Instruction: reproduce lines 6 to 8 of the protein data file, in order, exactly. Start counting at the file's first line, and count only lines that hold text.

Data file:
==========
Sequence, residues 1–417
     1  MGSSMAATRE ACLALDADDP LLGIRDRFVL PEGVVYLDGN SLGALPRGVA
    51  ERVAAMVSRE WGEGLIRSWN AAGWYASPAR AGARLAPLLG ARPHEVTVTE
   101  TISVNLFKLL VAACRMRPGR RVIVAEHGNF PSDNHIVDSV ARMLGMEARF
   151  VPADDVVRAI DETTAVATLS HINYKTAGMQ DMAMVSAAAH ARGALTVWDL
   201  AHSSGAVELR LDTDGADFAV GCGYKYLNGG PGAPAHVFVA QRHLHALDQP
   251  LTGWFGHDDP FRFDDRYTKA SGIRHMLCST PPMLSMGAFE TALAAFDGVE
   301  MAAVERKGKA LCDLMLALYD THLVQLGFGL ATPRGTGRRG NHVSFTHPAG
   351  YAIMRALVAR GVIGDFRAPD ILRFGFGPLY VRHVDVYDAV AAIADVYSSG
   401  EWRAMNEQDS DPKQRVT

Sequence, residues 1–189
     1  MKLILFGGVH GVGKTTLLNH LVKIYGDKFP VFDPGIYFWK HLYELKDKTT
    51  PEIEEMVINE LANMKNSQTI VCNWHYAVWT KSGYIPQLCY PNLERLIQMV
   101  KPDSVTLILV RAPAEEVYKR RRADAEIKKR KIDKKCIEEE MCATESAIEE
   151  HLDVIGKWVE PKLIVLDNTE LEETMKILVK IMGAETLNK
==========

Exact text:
   201  AHSSGAVELR LDTDGADFAV GCGYKYLNGG PGAPAHVFVA QRHLHALDQP
   251  LTGWFGHDDP FRFDDRYTKA SGIRHMLCST PPMLSMGAFE TALAAFDGVE
   301  MAAVERKGKA LCDLMLALYD THLVQLGFGL ATPRGTGRRG NHVSFTHPAG